When Willamette University College of Law opened it’s newly constructed wing, Justice Sandra Day O’Conner (at that time, an active Justice) gave the dedication speech. Given the critical issues then before the Court, everyone listened with rapt attention as Justice Conner began her remarks with the following line:
“I want to speak to you today about the subject of the most profound importance to me… ” She let the crowd hang a pregnant moment, before continuing, “My granddaughter.”
I am again reminded of that fabulous line, because of the way in which I have become aware that a major generational break through has occurred regarding electronic Justice Information Technology. Finally, a method has been discovered to bring youth-challenged boomers, including judges and senior managers, into the twenty-first century. Yes, finally, senior professionals with mid-twentieth century birthdays are embracing, adopting, and willingly relying on cutting-edge information technology.
This development should be extremely gratifying after so many years of such ardent, energetic, often expensive, and usually frustrating attempts by those of us in the profession of moving enterprises like courts and related justice system agencies to adopt and leverage new electronic information management tools. Yes; it’s taken awhile; but we did it.
Ah, well; not exactly…. Turns out we really didn’t do it at all.
The credit goes to the grandkids. They’re the ones who the grey-of-hair set are chasing into the technological promised land. Grandma and Grandpa now practically live and breathe social media and instant communication. I just took part in a teleconference through Skyping. Our Board chair, a couple years my senior, was fully conversant with Skyping – he does it all the time with the grandkids.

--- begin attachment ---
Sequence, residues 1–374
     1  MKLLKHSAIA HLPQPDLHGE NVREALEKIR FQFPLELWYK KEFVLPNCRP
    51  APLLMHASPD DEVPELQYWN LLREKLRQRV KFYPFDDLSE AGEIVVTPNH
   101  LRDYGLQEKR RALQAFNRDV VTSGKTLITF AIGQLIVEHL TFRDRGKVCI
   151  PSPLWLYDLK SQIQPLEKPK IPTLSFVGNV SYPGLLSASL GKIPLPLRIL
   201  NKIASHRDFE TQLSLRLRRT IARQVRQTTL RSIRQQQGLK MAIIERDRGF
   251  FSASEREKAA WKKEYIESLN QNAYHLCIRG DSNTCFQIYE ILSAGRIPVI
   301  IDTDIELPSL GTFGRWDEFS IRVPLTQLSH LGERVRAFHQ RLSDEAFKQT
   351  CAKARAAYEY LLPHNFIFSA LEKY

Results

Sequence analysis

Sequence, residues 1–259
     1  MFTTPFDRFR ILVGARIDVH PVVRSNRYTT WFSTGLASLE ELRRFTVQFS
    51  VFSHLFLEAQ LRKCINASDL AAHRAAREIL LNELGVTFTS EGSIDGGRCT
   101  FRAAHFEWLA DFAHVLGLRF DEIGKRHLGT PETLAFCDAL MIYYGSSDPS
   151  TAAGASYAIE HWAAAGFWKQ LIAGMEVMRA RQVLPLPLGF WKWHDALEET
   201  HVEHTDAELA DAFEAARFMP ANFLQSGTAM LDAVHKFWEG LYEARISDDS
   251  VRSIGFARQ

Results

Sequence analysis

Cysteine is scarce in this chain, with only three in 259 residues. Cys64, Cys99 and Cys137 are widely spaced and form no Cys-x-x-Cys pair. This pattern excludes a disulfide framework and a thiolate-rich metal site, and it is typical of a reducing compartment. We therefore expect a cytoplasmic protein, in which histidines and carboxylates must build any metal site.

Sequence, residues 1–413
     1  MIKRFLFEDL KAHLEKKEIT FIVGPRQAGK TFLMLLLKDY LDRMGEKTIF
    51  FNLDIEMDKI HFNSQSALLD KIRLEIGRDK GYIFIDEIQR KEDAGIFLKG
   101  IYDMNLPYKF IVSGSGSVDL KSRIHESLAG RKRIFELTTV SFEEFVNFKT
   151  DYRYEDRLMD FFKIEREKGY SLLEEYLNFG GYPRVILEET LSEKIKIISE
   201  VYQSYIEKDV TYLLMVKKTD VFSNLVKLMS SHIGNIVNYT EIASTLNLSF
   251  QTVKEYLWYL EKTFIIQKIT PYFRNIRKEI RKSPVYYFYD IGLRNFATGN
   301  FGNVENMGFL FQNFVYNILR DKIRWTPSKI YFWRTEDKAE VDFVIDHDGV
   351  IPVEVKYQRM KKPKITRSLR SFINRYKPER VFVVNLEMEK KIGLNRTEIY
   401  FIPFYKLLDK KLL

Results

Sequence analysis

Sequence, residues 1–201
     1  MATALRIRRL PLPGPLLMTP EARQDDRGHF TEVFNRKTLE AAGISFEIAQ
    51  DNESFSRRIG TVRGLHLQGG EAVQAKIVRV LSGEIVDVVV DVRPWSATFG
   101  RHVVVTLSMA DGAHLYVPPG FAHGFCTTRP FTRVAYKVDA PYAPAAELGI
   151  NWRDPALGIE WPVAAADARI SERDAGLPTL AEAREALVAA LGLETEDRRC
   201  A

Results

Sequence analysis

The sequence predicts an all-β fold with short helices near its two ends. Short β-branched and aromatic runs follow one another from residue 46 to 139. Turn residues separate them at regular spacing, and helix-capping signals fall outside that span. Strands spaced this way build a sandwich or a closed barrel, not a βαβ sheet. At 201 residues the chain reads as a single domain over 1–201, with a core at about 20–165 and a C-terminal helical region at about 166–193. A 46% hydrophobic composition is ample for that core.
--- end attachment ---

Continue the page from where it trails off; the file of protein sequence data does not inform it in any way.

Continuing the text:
Five years ago, I was still hearing senior judges proudly assert that they had no “Smart Phone”. Now, the thought of being off the text-message or Twitter grid for longer than five minutes seems to them unimaginable.
Well, ok. So all we really had to do was wait around for the next generation to spawn instead of bashing our collective heads against brick walls so much of the time. However, the moment having finally arrived, it’s worthwhile to consider how changing habits open opportunities for changing the landscape.
A judge who Skypes and texts with a grandchild is unlikely to be emotionally unable to consider eSigning. There may be questions – there SHOULD be questions – but the underlying, never-spoken but always present visceral resistance – has largely receded. It may be time for a new round of educational and informational outreach to the hitherto more resistant demographic in the justice system community.
Frankly, some results are already starting to show. Judicial “workbench” tools are becoming much more user friendly, intuitive, and powerful. Granted, technological power and sophistication, per Moore’s Law, plays a big role. Likewise, changing demographics as generations that grew up with computers and the internet begin to fill the judicial ranks has marked effect. Indeed, while many technology strategies have long been to (secretly) plan to “outwait” the oldsters, the newest and most powerful judicial support tools are based on direct input from the most senior judges with the most institutional knowledge to pass along.
In some ways, The Great Recession accelerated development and adoption of Judicial Information Systems, because of the imperative to do more with less in an environment of falling budgets and increased demands for services. On the other hand, the same financial pressures, often coupled with generational reluctance to change, acted as a brake on progress.
When budgets began to recover, the combination of pent-up demand and improved technology kicked off what has been a historically unprecedented period of transition to electronic Justice Information Systems.
Now I think we can add that, against many expectations (mine, anyway), even the pre-computer generation is coming around. This factor adds one more not insignificant push on the rapidly accelerating adoption and penetration rate of ever more sophisticated electronic Justice Information Systems. Perhaps even better, the wisdom and institutional memory of some of our very talented and experienced senior judicial minds is being preserved and embedded into the systems of the future.
Justice O’Connor was right.